Appointment with the sacred: exhibitions and itineraries in Brescia Capital of Culture – Brescia

Giacomo Ceruti known as the Pitocchetto, Our Lady of the Rosary and Saints. Artogne, Church of Saints Cornelius and Cyprian. Photo BAMS – Photo Rodella

Brescia – Mysticism, beauty, culture, tradition: even sacred art will have its place in Brescia in 2023, which together with Bergamo is preparing to experience an unforgettable year as Italian capital of culture. Next to program recently presented by the Brescia Musei Foundation at the GAM in Milan, the initiatives of the Diocesan Museum shine, ready to enhance the artistic and spiritual heritage of the city with exhibitions and itineraries in the sign of the sacred. The proposals range from ancient to contemporary and have a transversal charm that goes beyond religious affiliation. Sometimes art meets the social with projects focused on the ideas of inclusion and accessibility, or it is an invitation to discovery and wonder, an opportunity to get to know hidden gems in an area rich in history and resources.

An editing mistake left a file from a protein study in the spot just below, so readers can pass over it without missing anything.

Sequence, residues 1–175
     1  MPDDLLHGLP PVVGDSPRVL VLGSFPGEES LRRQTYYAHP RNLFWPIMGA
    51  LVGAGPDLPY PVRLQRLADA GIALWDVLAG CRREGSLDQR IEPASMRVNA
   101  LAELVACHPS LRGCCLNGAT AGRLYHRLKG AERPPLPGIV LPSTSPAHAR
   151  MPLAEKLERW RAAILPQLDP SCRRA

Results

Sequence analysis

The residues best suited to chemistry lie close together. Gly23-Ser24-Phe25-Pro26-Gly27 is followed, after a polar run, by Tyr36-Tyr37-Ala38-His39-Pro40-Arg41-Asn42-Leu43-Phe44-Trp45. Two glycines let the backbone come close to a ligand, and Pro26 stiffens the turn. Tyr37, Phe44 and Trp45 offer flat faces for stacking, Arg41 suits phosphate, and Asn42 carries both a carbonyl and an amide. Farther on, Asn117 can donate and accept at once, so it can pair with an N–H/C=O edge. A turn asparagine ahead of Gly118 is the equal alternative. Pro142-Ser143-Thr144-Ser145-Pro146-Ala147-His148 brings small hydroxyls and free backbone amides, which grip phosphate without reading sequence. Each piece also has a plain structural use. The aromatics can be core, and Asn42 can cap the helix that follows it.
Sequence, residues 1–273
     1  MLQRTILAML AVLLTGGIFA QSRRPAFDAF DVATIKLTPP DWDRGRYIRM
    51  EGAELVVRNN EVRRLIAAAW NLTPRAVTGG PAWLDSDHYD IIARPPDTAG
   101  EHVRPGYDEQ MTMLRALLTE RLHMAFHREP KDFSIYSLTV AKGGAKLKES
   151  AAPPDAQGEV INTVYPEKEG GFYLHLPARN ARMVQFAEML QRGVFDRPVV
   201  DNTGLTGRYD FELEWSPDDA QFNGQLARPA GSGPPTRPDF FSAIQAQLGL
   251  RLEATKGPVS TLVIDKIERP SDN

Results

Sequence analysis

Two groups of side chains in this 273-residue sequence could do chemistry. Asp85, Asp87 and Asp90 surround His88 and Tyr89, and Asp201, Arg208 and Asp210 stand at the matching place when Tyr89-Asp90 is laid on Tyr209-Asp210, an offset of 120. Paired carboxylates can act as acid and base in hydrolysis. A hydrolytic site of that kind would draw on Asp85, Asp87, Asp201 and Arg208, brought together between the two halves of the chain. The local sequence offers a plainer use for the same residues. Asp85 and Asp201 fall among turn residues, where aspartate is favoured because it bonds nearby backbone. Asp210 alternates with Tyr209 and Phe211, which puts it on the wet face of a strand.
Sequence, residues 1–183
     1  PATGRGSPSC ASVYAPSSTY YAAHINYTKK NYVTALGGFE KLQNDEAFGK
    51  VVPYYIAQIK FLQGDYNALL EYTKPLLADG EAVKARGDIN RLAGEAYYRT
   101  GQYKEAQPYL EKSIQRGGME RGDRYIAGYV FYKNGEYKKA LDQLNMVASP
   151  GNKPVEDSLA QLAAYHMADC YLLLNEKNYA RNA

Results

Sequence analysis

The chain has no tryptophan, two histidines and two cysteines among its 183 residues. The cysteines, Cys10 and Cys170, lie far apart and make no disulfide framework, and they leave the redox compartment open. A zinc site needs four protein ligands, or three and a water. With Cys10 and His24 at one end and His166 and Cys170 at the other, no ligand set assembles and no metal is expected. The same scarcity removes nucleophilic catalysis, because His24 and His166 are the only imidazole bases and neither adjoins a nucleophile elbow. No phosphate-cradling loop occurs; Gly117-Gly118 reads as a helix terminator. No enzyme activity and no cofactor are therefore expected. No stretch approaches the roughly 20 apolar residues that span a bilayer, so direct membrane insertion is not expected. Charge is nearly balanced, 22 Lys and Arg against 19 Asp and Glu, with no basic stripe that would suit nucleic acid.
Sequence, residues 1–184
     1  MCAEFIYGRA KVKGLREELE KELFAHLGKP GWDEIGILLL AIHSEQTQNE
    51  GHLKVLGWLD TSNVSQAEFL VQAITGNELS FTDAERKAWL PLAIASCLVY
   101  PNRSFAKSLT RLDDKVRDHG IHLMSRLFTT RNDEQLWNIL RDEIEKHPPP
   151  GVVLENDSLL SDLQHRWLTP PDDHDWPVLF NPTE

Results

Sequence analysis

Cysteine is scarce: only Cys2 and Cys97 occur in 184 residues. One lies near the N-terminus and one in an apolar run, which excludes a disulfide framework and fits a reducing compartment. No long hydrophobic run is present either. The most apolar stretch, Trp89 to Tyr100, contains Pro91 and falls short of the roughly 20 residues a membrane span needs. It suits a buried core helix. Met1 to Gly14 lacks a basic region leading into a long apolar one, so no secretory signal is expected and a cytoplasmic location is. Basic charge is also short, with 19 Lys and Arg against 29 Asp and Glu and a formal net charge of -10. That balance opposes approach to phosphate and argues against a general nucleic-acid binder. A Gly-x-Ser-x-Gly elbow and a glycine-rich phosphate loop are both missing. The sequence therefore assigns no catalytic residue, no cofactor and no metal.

Waiting for Brescia-Bergamo Capital of Culture: December appointments
We will have an anticipation of it in the next few days, with two proposals that arouse curiosity. The first draws on the important season of the Lombard Renaissance, revealing to the public two pictorial jewels kept in the collections of Bper Banca. From 12 December to 15 January the Diocesan Museum will in fact host the Madonna and Child with Saint Paul by Girolamo da Romano, known as the Romaninoand theAnnunciation from Giovanni Battista Moroni, a talented disciple of Moretto: it will be a way to familiarize yourself with two artists who have given a great deal to the Brescia and Bergamo area, where frescoes and canvases of exceptional value are still visible. The collections of the Diocesan Museum itself preserve a significant selection.

Franca Ghitti, Last Supper, 1963-2011 I Courtesy Diocesan Museum of Brescia